Identification by enzyme immunoassay of escape mutants S143L and G145R of hepatitis B virus (Hepadnaviridae: Orthohepadnavirus: Hepatitis B virus)

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Abstract

Introduction. The achievement of the goal of the World Health Organization to eliminate viral hepatitis B by 2030 seems to be problematic partly due to the presence of escape mutants of its etiological agent, hepatitis B virus (HBV) (Hepadnaviridae: Orthohepadnavirus: Hepatitis B virus), that are spreading mainly in the risk groups. Specific routine diagnostic assays aimed at identification of HBV escape mutants do not exist.

The study aimed the evaluation of the serological fingerprinting method adapted for routine detection of escape mutations in 143 and 145 aa positions of HBV surface antigen (HBsAg).

Material and methods. HBV DNA from 56 samples of HBsAg-positive blood sera obtained from donors, chronic HBsAg carriers and oncohematology patients has been sequenced. After the identification of mutations in HBsAg, the samples were tested in the enzyme-linked immunosorbent assay (ELISA) kit «Hepastrip-mutant-3K».

Results and discussion. Escape mutations were detected mainly in patients with hematologic malignancies. Substitutions in 143 and 145 aa were found in 10.81% and in 8.11% of such patients, respectively. The G145R mutation was recognized using ELISA kit in almost all cases. The kit specifically recognized the S143L substitution in contrast to the S143T variant. The presence of neighbor mutation D144E can be assumed due to it special serological fingerprint.

Conclusion. ELISA-based detection of escape mutations S143L, D144E and G145R can be used for routine diagnostics, especially in the risk groups. The diagnostic parameters of the kit can be refined in additional studies. This immunoassay and methodology are applicable for the development and quality control of vaccines against escape mutants.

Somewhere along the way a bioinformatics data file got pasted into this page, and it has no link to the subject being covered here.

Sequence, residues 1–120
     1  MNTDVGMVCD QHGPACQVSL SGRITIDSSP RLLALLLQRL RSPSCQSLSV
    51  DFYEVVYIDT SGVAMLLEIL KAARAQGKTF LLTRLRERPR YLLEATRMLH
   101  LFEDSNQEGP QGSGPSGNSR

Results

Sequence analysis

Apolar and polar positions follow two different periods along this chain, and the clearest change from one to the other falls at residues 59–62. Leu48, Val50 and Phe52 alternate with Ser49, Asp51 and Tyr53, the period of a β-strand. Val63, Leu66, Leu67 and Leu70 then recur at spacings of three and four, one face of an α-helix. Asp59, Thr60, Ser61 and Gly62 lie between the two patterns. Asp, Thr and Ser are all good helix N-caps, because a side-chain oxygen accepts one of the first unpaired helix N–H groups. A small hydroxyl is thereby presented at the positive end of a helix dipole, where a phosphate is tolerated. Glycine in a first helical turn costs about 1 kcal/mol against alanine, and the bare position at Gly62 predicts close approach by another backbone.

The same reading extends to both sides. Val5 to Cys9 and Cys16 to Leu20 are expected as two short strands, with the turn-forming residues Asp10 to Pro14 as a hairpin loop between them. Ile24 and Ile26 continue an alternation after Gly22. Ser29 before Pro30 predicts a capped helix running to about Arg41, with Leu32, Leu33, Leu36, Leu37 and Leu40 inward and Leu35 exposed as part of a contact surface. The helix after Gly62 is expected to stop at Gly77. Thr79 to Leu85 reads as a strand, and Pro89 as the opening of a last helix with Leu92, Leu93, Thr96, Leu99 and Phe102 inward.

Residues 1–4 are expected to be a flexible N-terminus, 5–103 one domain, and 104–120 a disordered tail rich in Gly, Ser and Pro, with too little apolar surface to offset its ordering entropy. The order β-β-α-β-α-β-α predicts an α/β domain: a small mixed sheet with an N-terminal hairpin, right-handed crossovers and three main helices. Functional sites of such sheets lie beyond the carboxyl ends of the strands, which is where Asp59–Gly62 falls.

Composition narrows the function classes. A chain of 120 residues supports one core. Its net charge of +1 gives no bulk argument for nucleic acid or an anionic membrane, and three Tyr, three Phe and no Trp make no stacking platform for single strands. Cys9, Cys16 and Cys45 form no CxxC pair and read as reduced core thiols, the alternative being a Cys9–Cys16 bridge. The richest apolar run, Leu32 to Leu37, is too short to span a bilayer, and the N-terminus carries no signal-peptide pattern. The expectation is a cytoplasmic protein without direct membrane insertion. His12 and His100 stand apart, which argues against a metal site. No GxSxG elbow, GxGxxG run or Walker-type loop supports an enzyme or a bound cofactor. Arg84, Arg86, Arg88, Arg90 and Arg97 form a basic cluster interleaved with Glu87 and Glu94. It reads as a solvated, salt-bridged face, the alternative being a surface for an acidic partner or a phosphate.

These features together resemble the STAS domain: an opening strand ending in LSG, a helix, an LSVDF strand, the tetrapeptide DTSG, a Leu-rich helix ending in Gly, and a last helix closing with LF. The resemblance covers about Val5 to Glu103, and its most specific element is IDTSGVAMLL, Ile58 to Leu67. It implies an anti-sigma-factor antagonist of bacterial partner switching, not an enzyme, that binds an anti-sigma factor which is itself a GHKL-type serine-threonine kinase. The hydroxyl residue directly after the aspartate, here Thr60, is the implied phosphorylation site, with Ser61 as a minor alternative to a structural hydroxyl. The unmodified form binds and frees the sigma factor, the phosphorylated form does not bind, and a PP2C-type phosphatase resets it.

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Materials and methods

Samples. The study was performed on 56 blood serum samples collected from patients of different inpatient facilities and blood donor centers in Russia. Based on the past medical history or on the sample source, patients were divided into the following groups: donors (n = 11), chronic HBsAg carriers (the group of carriers) (n = 8), and patients with hematologic malignancies (the group of oncohematology patients) (n = 37).

Serum samples were tested for presence of serological markers of the hepatitis B virus (HBsAg, anti-HBs ABs, infectivity marker antigen HBeAg, anti-HBe IgG, anti-HBc IgM + IgG). In addition, the samples were examined for HBV viral load levels. The analysis of escape mutations at positions 143 and 145 aa was based on NGS and ELISA techniques with the latter employed with the help of the Hepastrip-mutant-3K enzyme-linked immunosorbent assay kit. The sera were also tested for ABs to hepatitis C and D viruses.

Diagnostic kits. The sera were tested for HBsAg, using the Hepastrip B enzyme-linked immunosorbent assay kit (Nearmedic Plus LLC, Russia). In some samples, HBsAg levels were quantified using the industry-specific standard HBsAg 42-28-311-00 (Diagnostic Systems Research and Production Company, Russia). Testing for other markers of HBV infection and for the total ABs to hepatitis C and D viruses was performed using ELISA kits manufactured by Vector-Best CJSC (Russia): VectoHBe-IgG (cat. No. D-0578), Vecto-HBe antigen (cat. No. D-0576), VectoHBc antibodies (cat. No.D-0566), Vecto-HBsAg antibodies (cat. No. D-0562), Best anti-HCV (set 3) (cat. No. D-0773), and Vectohep D-antibodies (cat. No. D-0954). ELISA testing was performed in accordance with the manufacturer’s instructions.